Renewable Energy

Solar Panels
Strata Solar

The North Carolina General Assembly is considering legislation to limit the Renewable Energy Portfolio Standards. Proponents say tax incentives and government mandates for renewable energy are crucial to continued growth in revenue and jobs. 

  Several large companies like Google and Facebook have urged the legislature not to roll back the measures. Opponents say solar businesses costs the state more than they generates and taxpayers end up footing the bill. 

A view of Duke Energy's Marshall Steam Station from the public entrance off N.C. Highway 150.
Cdtew / Wikimedia Commons

State lawmakers recently negotiated a deal that originally would have weakened North Carolina's requirements for renewables as one source of the state's energy portfolio.

Instead, the House agreed to study the matter further. 

The deal is just one example of how policymakers are considering significant changes to North Carolina's energy policies, from coal ash regulations to environmental rules on new developments.

One of Progress Energy's solar energy farms.
Duke Energy/Progress Energy

Duke Energy has announced yet another solar farm to be built in North Carolina. But this one is unique: it’s the first solar farm the utility company has ever built on a military base.

The Camp Lejeune solar farm will be a 13-megawatt facility that could power as many as 3,000 homes. That is relatively small, when compared to the 65-megawatt Duke Energy facility under construction in Duplin County.

A Duke Energy power plant and coal ash ponds outside Asheville.
Zen Sutherland

Coal ash and fracking will dominate the environmental headlines this year. But the story will be different in the Legislature, where as much news will be made by what’s not discussed as by what is.

Some observers believe that the Renewable Energy Portfolio Standard that has been such a contentious issue in years past may not come up at all this session. It requires utility companies to generate 12.5 percent of its electricity using renewables by 2021.

The REP Standard first passed in 2007 and sustained a Republican challenge in 2013.

Apple solar
Apple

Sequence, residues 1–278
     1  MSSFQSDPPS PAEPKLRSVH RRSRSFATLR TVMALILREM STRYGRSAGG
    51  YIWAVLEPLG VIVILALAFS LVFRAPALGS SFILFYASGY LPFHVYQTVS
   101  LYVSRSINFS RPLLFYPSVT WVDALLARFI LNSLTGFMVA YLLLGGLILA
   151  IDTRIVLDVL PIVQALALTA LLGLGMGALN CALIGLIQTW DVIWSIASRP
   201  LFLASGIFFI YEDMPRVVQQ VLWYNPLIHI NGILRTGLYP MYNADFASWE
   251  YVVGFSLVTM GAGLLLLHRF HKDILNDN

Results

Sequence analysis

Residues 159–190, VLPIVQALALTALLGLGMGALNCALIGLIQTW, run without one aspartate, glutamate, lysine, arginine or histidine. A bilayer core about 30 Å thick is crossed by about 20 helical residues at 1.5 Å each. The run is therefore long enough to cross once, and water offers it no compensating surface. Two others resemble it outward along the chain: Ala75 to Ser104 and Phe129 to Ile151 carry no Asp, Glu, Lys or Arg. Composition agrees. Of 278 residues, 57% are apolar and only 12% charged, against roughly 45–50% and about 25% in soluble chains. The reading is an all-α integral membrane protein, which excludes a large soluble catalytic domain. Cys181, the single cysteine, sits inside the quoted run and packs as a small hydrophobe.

When Apple makes an announcement – any announcement – the world stops and listens. And while it wasn’t a new product launch, when Apple CEO Tim Cook spoke last month ahead of the United Nations Climate Summit, it was a big deal.

“We have a huge data center in Maiden North Carolina,” Cook said. “There were no options to buy renewable energy. Our only way to do that, was to build it.”

solar panels
Strata Solar

Duke Energy is investing $500 million in solar power generation in North Carolina.

Three new large-scale solar facilities will be built in Bladen, Wilson, and Duplin Counties. The 65 megawatt facility in Duplin will be the largest solar plant east of the Mississippi.

Due to a state law passed in 2007, Duke and other utilities must source at least 12.5 percent of their power from renewable sources by 2021.

“We choose solar today because solar is the cheapest renewable energy certificate available to us,” said Duke Energy Vice President Rob Caldwell.

A picture of a man charging an electric car.
David Dodge / Green Energy Futures via Creative Commons

Eight different auto manufacturers and 15 different utility companies are teaming up with the Electric Power Research Institute to test technology that will allow them to determine when electric cars can recharge.

Trees in Chapel Hill,
Laura Candler

The EPA proposed sweeping changes to the country's carbon emission regulations. The coal is to cut carbon pollution by 30% by 2030 - relying more heavily on renewable energy sources to generate electricity.

Jonas Monast is the Director of the Climate and Energy Program at Duke University's Nicholas Institute. He says that North Carolina is well positioned for the changes that will be required.

A solar panel, renewable energy
NCSU/CSE

Renewable energy generators have channeled hundreds of millions of kilowatt hours into the North Carolina power grid. That's since the NC GreenPower program was founded 10 years ago.

The initiative collects donations from companies, citizens and utility customers to buy renewable energy and diversify the state's power grid.

NC Solar Center Director Steve Kalland is on the board for NC GreenPower. He said the program has also helped utilities warm up to renewable power providers. 

NCSU students study an array of solar panels on top of the NSF FREEDM Systems Center.
Marc Hall / North Carolina State University

Raleigh might soon have a group-purchasing program that would make it cheaper for residents to install solar panels on their homes. North Carolina Solar Center Director Steve Kalland  says solar power is popular among state utilities. They save money buying the costly technology in bulk. Kalland says homeowners are also interested in using cheaper, greener energy.

"The opportunity to do this has been somewhat constrained in North Carolina because the cost of these smaller-scale projects is somewhat higher than the large-scale projects," Kalland says.

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